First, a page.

The outstanding event in this great history was the birth of 12 January, 1865 of Lee Horney Young; he was born near the midnight hour and when his mother beheld the fine baby boy, she said, “a good prospect for a future president”. Lee was reared and educated on the farm at Littleton, Illinois, and later went to West Union school near Augusta, Illinois. When near 17 years old he left the farm and worked for the railroad for a short time. He then returned to the farm, where he met and fell in love with a music teacher, Martha McFeaters. They were married in 1888. To this union two children were born, both living in Kewanee, Illinois where he has lived nearly thirty years.
In the year 1886, father sold the farm at Doddsville, and bought land one mile east of Littleton at which place Addie Margaret Young was born 28 April, 1867. After the birth of eight boys, this was glad news to all the family, to have a wee baby sister added to the family. No wonder she was a spoiled child. When near the age of three years old, one day her mother tied her sun bonnet on and let her go with father to plow corn near the house. He sat her in the shade near the fence to play while he plowed. There happened to be a poison ivy vine there, and child like she ate the pretty red berries. How many they never knew, but she was a very sick little girl for many days. The only treatment in those days was salty fish brine baths and plenty of buttermilk to drink; so to this day I venture to Addie don't care much for fish and is not crazy about buttermilk, and can stay clear of an ivy vine. After this event she began her schooling in Littleton and finished her education at West Union near Augusta, Illinois. She was married to George F. Sullivan of Augusta 10 February, 1880. One daughter was born to this union. The father and husband died in Saratoga, Wyo., leaving Addie a widow with her only daughter, Margaret.
The last but not least in this event of history, is the birth of the youngest child of this large family. Frank Maurice Young, your honorable historian, was born near Littleton 14 April, 1872. He was boy of misfortune, having numerous hurts in his life. When three years of age, was with his older brother Sam on a load of wood when the team ran away, threw him off and the wagon wheel runs over his leg, the Doctor came to amputate the leg but mother said no, so it was not done. With good nursing and patience of mother, he got well again, but one time after another he was hurt. Nose broken three times, wrist broken, hand crushed, and finally lost left arm; he also had his heal bone broken in an elevator fall while working for Moline Plow Company. Cables broke and he fell three stories with 3200 pounds of iron on the elevator. One year after this, he fell and sprained his good ankle and was laid up several weeks again but with all his misfortunes he is able to write this history of his family.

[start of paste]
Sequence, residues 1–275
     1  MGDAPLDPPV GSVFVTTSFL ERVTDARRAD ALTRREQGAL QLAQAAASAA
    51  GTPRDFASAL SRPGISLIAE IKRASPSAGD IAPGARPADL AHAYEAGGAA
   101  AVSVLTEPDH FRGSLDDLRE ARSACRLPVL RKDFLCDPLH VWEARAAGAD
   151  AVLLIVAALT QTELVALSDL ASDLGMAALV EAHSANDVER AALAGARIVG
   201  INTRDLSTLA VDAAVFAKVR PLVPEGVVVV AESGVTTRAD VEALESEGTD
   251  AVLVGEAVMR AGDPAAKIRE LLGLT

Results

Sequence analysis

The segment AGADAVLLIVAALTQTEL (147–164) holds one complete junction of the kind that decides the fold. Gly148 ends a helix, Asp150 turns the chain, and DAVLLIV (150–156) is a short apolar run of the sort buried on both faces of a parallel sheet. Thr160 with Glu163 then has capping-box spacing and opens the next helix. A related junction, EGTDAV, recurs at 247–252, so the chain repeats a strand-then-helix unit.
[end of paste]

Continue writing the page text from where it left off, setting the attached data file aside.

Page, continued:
One dear old lady in Augusta after a very hot argument on scripture told him he was cut out for a minister, but the Devil run away with the pattern (maybe so). The honorable historian was married to Edith M. West of Augusta, Illinois 22 August 1893. To this union eight children were born, six living and two boys dead. His home at present is in Moline, Illinois with wife and one daughter at home.
As we bring history to a close, I would like to mention a few of the ways this family was raised and the way the work was managed on the farm. The (?) the holes for the seed with a spade then covered by hand. The wheat was sowed by hand and covered with homemade harrow. Most of the farm implements were made by hand in those days, as well as, the clothing which they wore, they had no sewing or knitting machines, even boots and shoes and gloves were homemade. When Sunday came, father swept the wagon out put a few forks of hay in, (?) the seat boards with sheep pelts on them for cushions, then the wagon was ready for church. We put on our nicer shirt, gene pants, our shoes nicely polished with lampblack and tallow. Mother with her poke bonnet and gray shawl, all were ready and off to little Brown Church in the dale.